My friends will be absolutely disgusted and not listen to him any more. As for fans in general, I suppose it’s up to each person.

Hi there. Do you still like Ian Watkins as a person? 
Female, 15: Well, before the trial I did still like him as I didn't quite believe it all. But now he's pleaded guilty, it's difficult to like someone who's done that. So I don't still like him as a person, but I doubt many people do. As an artist, he is good, but I don't think anyone is gonna see him the same. But that doesn't change how their music sounds – it's still good.
Are you worried what people will say if they catch you listening to Lostprophets?
No, I'm not bothered about what they say – if they even say anything – because the music is completely different to what's happened with Ian. My mate and her sister like them, and I think they'll probably still listen to the music, too.

What would it take you to stop listening to somebody’s music?
Well, I see the music as a completely different thing. I don't know how bad something would have to be, really. Obviously it's wrong what Ian's done, but the rest of the band haven't done anything so it shouldn't stop me from listening to them.

Overall there is confusion, and I must admit that I count myself around the morally shellshocked. In my head I know that the music is not simply about Ian Watkins. That it is a collective effort of the band. That it shouldn't affect our enjoyment of the music at all and that the music has not become any less great or the lyrics any less true. But I still can't bring myself to press play. Even in linking to those videos in my first paragraph, I pressed the pause button as quickly as possible. The problem will always be this:

How far can we separate the artist from their art?

There's no denying that the art world rather pivots on the celebrity of the artist. It's one of the reasons why art becomes more valuable after the creator is dead (one of the others might be, if we're going to be cynical, the simple fact that the 'factory' of the artist has stopped production, so what we have left is more valuable.)  Just as the MEGA LOLZ T-Shirts are selling with new vigor and interest following Watkin's conviction, art also can gain new value due to the reputation of the painter.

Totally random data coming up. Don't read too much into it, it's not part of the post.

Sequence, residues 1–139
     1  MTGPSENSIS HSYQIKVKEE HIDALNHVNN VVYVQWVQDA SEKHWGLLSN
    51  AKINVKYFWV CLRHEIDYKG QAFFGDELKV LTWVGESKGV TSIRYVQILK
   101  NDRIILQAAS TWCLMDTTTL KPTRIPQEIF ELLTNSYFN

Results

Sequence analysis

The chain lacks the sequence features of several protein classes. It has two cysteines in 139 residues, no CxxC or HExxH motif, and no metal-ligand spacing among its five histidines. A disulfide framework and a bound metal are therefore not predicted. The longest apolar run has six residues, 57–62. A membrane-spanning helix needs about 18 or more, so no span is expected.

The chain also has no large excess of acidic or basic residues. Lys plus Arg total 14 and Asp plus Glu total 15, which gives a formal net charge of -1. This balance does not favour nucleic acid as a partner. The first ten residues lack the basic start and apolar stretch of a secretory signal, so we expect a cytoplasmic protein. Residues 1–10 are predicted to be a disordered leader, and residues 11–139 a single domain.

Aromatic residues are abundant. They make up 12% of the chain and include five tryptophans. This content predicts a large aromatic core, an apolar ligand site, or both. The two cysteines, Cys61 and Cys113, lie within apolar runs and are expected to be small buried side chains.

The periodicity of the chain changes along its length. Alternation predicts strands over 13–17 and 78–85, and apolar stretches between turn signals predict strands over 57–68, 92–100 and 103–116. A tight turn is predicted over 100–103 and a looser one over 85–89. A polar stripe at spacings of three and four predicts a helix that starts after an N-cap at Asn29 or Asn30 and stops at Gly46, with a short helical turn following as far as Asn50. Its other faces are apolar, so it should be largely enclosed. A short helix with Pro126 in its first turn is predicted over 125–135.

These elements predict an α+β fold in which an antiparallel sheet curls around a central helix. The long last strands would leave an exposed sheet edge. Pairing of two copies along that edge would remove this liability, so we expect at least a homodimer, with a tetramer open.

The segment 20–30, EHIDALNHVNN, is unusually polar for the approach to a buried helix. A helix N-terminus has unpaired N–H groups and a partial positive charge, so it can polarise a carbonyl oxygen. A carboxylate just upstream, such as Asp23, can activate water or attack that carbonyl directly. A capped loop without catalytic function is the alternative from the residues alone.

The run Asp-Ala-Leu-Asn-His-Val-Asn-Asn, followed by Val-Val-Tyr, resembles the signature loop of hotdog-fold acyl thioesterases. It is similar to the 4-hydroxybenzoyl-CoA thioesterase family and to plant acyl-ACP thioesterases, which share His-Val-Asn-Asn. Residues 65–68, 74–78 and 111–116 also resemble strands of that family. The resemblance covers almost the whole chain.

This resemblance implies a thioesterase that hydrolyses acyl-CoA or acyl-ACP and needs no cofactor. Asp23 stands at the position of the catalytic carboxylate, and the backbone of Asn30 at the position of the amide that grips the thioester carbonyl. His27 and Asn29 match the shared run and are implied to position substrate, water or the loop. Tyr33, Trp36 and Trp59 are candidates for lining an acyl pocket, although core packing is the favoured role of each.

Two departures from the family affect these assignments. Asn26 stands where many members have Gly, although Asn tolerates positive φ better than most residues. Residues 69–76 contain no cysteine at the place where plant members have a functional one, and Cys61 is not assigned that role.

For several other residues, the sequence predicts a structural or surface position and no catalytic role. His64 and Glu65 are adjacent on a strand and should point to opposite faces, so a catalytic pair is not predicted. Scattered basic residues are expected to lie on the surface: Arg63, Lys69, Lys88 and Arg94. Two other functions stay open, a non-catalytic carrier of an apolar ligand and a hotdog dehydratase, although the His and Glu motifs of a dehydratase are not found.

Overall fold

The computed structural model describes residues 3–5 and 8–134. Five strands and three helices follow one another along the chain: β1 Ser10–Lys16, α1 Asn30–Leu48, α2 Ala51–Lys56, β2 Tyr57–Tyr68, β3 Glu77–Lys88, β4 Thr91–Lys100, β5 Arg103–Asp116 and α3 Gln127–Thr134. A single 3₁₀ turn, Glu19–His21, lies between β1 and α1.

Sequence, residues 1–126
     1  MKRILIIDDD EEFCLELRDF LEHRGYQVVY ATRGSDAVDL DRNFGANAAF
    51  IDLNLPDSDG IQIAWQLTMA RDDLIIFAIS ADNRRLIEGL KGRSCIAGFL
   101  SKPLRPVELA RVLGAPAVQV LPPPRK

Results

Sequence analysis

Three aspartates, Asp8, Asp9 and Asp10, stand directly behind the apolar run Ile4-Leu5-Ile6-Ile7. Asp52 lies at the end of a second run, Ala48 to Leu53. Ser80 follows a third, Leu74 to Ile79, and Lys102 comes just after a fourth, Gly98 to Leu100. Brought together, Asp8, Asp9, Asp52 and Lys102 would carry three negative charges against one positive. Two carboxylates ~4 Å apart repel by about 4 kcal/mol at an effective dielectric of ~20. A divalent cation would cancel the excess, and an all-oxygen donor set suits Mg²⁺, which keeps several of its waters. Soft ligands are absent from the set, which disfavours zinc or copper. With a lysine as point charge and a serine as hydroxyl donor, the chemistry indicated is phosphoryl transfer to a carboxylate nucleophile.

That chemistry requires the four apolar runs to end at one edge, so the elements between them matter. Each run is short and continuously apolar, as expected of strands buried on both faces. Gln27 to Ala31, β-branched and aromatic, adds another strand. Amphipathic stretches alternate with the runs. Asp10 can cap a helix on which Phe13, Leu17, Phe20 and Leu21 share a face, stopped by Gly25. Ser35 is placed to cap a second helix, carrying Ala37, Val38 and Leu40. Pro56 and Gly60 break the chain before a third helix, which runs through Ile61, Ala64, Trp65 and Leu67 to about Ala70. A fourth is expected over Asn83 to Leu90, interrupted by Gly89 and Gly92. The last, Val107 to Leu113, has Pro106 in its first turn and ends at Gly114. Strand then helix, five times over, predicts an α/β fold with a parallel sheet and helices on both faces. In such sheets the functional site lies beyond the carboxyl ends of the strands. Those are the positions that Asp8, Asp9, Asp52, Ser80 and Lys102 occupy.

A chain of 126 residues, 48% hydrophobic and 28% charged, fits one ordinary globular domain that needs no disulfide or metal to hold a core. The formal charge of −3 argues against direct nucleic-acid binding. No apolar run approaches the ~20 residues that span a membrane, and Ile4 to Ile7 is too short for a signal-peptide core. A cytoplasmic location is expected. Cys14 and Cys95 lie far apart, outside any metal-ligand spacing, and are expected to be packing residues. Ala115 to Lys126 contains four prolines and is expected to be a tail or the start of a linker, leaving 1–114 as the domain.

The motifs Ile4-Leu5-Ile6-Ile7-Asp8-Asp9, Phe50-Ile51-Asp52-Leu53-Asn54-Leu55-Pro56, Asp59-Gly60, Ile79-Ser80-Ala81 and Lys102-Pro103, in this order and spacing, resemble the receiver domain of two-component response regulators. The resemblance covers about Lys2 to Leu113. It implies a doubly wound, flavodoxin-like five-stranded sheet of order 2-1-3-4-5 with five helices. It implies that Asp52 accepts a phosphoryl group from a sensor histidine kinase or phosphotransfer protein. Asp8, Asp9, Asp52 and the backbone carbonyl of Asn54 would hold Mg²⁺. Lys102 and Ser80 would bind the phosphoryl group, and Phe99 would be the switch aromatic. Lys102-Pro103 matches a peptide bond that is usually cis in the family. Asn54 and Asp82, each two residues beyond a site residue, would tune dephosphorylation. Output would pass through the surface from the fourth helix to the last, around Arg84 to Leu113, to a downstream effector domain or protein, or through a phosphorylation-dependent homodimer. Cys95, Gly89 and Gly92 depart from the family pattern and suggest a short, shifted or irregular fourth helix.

Perhaps the greatest case in point is none other than Hitler himself.

To my eye, the above pictures are very pretty. Sensitive biscuit-tin paintings, but pretty nevertheless. Yet they were painted by the most infamous dictator in history. 
While I'd be a fool to morally compare Hitler and Watkins, nevertheless both sets of the artworks that made them famous were created to some degree before their crimes either occurred or came to light. Untainted by their personalities they can be regarded unsullied in their own right. There should be no shame in admitting an enjoyment in their creation.

In the extreme right-wing wiki Metapedia, when discussing his art they quote this description by Leon Degrelle in Hitler the Artist:

'(Hitler) was able to draw skillfully when he was only eleven. His early drawings and watercolours at the age of 15 were full of poetry and sensitivity...Hist artistic orientation took many forms...he wrote poetry and dedicated an entire work to his sister Paula. At the age of 16...he embarked on the creation of an opera.' 

Clearly he had some talent, though not enough to court success. He had some affection and playfulness in his choice of subject - even choosing to paint some Disney characters. Without his reputation he was unremarkable, his art can be enjoyed for it's own sake. But the reputation, inescapably, remains.

For Richard Wollheim (1923-2003), we shouldn't ever ignore an artist's past or personality:

'Artists are conditioned by their context- their beliefs, histories, emotional dispositions, physical needs and communities - and the world that they interpret is a world of constant change.'

No creative art is totally independent of the institutions of which it operates. Therefore we can extend it to mean that no art is independent of the artist either. They shouldn't be separated. They communicate with one another and one leads to the other. In the idealism of Hitler's paintings we might see the reflections of the idea of the Aryan ideal, for example.The instinct of wrongness that you can't shake when you think of him is, in the end, correct and should be embraced.